“If I would have known how difficult it is to get NSX up and running, I never would have recommended this solution.”
– Sonny Mendoza, System Engineer – Architect, Lanvera
One of Lanvera’s major achievements in 2018 was crossing the finish line with the deployment of VXLAN and VMWare’s NSX. Although, NSX was not simple to deploy, easy to troubleshoot, nor kind on your patience.
In fact, in 2018, I attended a Palo Alto event where I sat at a table and talked about NSX. Others overheard and came to our table to talk about it. One gentlemen claimed he was on his third attempt to deploy it. Another said it broke several parts of the network and IT deemed it a risk. The other said it’s deployed but not in production, fear of it breaking.
All of these concerns are not unfounded. Here is a few of the take-aways we ran into that marred/aided our deployment.
5. Hiring A Consultant Does Not Guarantee Success. After the consultant left, our NSX solution was technically up, but moving VMs between datacenters didn’t work as expected. Routing didn’t work as expected. And many phone calls to VMWARE ensued to work on the small whoops that the consultant didn’t catch. Consultants often expect their clients to know what to look for and with something like NSX, we didn’t know what we didn’t know.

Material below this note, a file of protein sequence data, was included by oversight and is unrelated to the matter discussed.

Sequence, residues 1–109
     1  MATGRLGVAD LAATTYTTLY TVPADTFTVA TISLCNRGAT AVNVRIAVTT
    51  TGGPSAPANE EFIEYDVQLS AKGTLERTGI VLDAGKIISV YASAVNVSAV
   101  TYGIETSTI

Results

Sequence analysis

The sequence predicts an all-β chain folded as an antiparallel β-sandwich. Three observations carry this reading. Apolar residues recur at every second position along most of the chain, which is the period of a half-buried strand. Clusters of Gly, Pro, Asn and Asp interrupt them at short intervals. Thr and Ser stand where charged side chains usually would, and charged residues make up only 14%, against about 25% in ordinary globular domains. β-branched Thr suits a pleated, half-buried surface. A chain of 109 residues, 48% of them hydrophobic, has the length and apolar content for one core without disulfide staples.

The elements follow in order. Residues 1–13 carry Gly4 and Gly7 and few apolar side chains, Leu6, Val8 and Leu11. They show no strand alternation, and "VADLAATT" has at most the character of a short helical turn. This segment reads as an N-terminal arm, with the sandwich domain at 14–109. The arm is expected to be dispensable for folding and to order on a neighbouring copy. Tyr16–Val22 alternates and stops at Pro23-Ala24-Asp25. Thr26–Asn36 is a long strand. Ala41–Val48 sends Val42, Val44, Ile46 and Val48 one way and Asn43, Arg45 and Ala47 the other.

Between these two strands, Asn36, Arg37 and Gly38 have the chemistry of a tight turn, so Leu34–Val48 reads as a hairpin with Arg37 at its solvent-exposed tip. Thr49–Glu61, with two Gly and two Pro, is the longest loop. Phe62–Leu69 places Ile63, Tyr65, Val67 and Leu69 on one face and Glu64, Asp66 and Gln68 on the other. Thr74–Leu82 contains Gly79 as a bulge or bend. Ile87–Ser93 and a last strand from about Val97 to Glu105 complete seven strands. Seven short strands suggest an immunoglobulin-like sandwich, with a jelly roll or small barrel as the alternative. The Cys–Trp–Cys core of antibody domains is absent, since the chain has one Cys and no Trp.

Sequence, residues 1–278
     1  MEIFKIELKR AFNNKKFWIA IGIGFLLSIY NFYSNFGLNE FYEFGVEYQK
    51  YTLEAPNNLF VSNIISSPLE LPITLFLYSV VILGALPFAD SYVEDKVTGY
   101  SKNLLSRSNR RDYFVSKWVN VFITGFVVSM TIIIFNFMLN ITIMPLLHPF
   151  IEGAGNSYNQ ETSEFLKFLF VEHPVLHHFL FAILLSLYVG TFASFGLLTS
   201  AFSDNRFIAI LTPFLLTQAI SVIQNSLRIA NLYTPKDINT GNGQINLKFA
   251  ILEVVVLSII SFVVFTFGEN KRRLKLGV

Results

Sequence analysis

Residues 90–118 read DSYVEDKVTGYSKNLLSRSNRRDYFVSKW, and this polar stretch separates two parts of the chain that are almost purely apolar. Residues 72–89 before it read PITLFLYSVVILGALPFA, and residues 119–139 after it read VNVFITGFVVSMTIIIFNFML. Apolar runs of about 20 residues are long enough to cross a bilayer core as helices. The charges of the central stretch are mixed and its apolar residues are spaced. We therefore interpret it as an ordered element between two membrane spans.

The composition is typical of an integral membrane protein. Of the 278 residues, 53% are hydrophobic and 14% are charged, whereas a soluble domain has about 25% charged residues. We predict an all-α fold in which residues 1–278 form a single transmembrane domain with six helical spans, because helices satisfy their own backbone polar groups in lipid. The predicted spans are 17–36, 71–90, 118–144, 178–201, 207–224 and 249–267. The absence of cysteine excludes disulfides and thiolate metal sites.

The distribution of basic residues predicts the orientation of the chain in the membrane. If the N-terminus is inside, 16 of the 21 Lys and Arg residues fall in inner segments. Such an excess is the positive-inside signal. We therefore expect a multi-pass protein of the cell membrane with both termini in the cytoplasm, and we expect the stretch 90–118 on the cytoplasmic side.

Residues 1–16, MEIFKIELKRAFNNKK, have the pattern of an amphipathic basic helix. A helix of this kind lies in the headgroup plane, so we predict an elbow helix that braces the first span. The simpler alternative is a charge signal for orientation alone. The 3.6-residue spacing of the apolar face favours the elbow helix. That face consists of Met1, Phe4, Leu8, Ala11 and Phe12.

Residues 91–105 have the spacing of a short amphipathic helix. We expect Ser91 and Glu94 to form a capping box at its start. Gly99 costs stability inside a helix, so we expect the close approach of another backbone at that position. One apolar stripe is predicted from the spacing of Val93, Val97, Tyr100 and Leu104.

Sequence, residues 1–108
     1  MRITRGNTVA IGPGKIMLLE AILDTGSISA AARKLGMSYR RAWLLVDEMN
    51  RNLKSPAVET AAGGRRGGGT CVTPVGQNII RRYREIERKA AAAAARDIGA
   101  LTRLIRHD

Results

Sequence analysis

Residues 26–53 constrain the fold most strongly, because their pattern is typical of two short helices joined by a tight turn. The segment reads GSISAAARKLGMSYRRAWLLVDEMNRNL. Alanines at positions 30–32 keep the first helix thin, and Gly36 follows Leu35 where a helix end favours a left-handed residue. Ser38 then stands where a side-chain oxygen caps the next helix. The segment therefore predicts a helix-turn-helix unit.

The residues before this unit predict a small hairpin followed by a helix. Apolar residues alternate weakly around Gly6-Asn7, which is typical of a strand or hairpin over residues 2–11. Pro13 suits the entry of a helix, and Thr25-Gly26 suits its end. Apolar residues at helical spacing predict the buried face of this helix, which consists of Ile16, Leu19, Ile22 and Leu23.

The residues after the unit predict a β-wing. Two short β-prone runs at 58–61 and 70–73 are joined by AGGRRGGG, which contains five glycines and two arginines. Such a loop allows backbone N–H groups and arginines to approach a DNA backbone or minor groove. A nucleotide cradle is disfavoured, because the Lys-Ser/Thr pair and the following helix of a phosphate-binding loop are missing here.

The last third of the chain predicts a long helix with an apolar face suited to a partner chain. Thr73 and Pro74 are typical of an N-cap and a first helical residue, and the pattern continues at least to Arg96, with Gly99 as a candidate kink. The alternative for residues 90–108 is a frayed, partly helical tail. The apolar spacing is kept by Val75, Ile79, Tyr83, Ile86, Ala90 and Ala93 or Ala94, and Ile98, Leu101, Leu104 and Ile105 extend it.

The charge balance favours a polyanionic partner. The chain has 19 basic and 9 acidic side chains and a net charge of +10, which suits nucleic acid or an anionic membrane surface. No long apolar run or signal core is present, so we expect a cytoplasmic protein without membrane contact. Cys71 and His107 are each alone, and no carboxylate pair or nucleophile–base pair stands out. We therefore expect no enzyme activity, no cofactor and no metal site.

4. NSX Training Does Not Guarantee Success. At the behest of our sales engineer, they highly suggested we attend VMWARE’s NSX training, which we spend credits on. My team reported that the training was problematic, from lab’s crashing or freezing to unable to run the content. Many phone calls to support dragged it out by weeks, if not a month or two. After the technical leads were trained, they found the training really didn’t prepare them for the challenges of the deployment. “Thank goodness we had the consultant”.
3. Attending VMUG Did Not Guarantee Success. Although, my team would say it helped. In fact, Sonny took over a session at the DFW VMUG to talk through our NSX deployment with their subject matter experts. Explaining our behavioral problems. Lots of stumpers unsolved. All that said, I am an advocate of VMUG. I feel user groups are important to attend for these kinds of reasons.
2. Reading VMWARE’s Books and White Papers on NSX Did Not Guarantee Success. Forums and communities would highlight these reads, so we absorbed as much as we could. However, the books contradicted what sales engineers and our consultants told us. When we shared our sources for the matieral, “Well, that is technically true, but I don’t recommend it” is what we got back. Conversations got really suspicious. What is the agenda here? Sell more VMWARE licensing or actually get NSX running in a workable state.
1. Having a VMWARE Lab is the Biggest Recommendation We Can Make To Improve Success. We didn’t have a lab, but the entire time either we made comments, consultants made comments, or people at VMUG made comments. Testing these technologies in lab is far better than going straight to the production network. VMUG is an excellent resource on lab licenses for the VMWARE IT pro. Competency of the product is paramount, especially when encountering anomalous behaviors.
VMWARE’s User Group
Beginner or Advance NSX Hands-On-Lab (HOL)
VMware product page, customer stories, and technical resources￼
VMware NSX YouTube Channel